Boca Raton has had the third-highest poverty decrease in the United States since 2008, a new study says. The study, put together by personal finance website WalletHub, looked into the quickest socioeconomic changes, compared 515 U.S. cities across ten key metrics ranging from population growth rate to unemployment rate decrease, and found the Palm Beach County city is the highest-ranking city in Florida when it comes to poverty decrease between 2008 and 2014.
Overall, Boca is tied for 26th with Springdale, Arizona, for cities with fastest-growing economies (Miami, for the record, is ranked 17th).
"Fast growth means new people and new dollars in a community and opportunities for entrepreneurs who want to sell the new folks a good or service," says one of the experts who helped with the study, Katherine Deck, who is director for the Center for Business & Economic Research at University of Arkansas. "It is very difficult to create a new business when there are plenty of others serving the need, but when growth happens, there are unforeseen opportunities that new market entrants can serve."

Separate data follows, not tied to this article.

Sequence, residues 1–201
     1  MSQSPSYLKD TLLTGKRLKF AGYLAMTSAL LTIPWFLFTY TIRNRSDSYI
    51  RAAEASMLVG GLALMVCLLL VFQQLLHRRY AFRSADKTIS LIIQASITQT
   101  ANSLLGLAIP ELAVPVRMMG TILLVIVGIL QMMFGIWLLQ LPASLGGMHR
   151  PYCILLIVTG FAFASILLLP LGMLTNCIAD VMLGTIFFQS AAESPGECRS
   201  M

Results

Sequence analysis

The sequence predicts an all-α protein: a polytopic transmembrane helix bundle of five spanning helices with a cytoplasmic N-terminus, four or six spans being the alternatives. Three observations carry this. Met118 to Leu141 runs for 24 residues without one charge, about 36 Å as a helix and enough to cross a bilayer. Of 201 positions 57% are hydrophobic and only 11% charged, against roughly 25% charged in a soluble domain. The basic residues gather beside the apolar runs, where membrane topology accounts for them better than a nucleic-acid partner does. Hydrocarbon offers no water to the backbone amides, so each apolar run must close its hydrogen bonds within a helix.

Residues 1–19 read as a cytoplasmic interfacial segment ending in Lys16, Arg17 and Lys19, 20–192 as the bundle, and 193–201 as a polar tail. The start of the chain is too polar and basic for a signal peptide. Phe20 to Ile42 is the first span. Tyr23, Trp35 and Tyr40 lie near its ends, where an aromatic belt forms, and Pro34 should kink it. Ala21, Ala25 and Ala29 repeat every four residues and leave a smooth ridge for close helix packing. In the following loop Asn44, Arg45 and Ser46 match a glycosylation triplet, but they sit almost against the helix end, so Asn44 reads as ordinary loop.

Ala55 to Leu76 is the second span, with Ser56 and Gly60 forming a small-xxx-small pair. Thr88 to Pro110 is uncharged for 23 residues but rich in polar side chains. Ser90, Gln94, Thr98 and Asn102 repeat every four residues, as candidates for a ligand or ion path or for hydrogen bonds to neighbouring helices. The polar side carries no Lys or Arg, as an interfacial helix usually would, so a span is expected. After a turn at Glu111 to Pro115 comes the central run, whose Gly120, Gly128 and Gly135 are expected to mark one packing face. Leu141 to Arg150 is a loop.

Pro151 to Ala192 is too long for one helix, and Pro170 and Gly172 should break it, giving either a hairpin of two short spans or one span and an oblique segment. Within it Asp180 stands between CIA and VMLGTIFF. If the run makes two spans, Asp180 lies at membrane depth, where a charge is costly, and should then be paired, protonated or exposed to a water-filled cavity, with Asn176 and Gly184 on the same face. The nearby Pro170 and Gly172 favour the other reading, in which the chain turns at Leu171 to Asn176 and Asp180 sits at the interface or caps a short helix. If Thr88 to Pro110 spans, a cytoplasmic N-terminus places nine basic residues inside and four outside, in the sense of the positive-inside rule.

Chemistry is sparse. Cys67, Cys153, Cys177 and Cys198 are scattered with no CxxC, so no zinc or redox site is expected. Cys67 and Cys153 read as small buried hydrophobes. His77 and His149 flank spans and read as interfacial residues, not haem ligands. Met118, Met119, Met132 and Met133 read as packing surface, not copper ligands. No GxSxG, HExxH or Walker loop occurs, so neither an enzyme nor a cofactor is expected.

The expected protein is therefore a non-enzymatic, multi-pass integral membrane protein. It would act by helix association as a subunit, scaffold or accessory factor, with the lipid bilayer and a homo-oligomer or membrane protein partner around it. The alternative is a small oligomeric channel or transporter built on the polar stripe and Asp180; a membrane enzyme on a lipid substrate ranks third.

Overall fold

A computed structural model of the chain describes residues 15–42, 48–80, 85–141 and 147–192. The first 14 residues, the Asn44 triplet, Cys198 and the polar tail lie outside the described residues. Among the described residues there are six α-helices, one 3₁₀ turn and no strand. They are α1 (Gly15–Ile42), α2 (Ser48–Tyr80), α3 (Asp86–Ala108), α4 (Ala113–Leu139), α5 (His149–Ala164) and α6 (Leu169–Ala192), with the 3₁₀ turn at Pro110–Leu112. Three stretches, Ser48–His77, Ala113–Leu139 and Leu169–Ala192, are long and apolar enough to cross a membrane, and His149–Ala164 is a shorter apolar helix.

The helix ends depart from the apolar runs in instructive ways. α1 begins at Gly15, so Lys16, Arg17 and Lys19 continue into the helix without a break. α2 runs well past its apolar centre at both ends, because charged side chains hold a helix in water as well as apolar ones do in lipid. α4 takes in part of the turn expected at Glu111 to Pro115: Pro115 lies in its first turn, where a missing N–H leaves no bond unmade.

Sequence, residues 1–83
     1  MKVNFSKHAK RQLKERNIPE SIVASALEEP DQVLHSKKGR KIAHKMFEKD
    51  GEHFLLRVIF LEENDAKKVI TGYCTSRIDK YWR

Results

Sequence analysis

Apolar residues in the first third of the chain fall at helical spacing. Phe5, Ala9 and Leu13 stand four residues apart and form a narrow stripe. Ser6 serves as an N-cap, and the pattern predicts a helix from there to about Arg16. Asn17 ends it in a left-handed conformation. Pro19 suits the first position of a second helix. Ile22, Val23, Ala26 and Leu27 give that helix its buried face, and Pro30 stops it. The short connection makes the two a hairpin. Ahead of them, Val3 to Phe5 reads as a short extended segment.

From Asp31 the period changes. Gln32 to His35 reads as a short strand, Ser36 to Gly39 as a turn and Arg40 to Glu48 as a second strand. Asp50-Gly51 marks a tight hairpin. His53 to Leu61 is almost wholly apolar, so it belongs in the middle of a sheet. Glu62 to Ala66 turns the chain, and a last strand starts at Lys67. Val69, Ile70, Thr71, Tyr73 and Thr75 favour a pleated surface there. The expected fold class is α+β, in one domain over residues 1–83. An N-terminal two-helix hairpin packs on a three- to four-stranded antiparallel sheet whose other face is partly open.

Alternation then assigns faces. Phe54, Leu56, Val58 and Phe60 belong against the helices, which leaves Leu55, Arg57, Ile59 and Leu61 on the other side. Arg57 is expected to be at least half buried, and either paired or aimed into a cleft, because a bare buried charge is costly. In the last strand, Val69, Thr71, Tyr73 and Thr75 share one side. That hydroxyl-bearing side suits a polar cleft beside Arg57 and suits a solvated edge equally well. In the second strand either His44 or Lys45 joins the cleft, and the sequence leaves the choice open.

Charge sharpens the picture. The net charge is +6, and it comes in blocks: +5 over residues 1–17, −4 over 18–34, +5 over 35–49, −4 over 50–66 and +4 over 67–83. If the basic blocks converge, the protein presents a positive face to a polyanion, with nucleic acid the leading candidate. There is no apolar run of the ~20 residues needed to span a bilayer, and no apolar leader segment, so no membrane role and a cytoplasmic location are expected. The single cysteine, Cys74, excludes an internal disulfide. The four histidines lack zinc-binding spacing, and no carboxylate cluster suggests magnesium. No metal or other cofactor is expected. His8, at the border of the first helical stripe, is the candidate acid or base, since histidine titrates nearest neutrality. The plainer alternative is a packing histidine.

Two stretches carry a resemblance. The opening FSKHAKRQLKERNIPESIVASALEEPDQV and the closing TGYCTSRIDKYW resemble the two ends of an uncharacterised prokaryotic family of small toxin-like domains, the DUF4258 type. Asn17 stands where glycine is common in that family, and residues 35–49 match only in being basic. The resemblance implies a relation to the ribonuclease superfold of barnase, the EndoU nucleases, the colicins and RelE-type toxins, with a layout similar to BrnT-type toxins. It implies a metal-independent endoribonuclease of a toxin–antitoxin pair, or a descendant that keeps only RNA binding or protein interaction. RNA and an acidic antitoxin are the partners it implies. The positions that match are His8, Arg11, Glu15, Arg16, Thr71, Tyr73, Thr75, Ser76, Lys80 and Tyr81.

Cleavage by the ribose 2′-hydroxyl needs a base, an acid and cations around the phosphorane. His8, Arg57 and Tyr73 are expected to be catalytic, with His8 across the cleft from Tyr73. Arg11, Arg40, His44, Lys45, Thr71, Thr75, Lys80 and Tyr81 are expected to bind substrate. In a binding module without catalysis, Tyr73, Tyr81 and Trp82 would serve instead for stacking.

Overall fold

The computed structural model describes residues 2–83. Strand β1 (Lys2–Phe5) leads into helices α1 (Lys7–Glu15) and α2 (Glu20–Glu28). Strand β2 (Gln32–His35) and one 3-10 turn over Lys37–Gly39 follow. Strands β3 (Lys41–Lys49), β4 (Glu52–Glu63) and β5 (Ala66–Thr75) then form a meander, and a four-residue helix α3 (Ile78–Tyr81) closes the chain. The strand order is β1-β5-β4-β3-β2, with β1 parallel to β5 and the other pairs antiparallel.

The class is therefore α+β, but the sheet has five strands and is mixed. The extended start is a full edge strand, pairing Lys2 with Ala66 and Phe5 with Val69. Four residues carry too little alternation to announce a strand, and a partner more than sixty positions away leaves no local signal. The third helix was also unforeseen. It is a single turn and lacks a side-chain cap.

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The study specifically looked into what it calls the "Socio-Demographic Landscape" and "Jobs & Economic Environment" to determine the rankings, which includes population growth, the increase of the working-age population, and the decrease of poverty. The study also considered decrease in unemployment, median household income growth, moving from part-time to full-time jobs, and the increase in number of business, among other factors.
According to City-Data, those living under the poverty line was made up 6.7 percent of Boca residents, compared to 12.5 percent for the rest of the state, and 22.5 percent less than the National average. The median earnings for males in Boca Raton is 57.2 percent greater than the median earnings for females in Boca Raton. The renting rate in Boca among poor and not poor residents is 56.1 percent, compared to 21.9 percent for the rest of the state.
"For property owners, being priced out may mean that they reap significant financial windfalls from the sale of property that is now worth more to someone else than the original owner," Deck says. "Trying to constrain growth in property prices is likely to lead to distortions in the market and shortage of housing. Rather than put such policies in place, cities should focus on rules regarding density and create additional housing opportunities in the most desirable areas."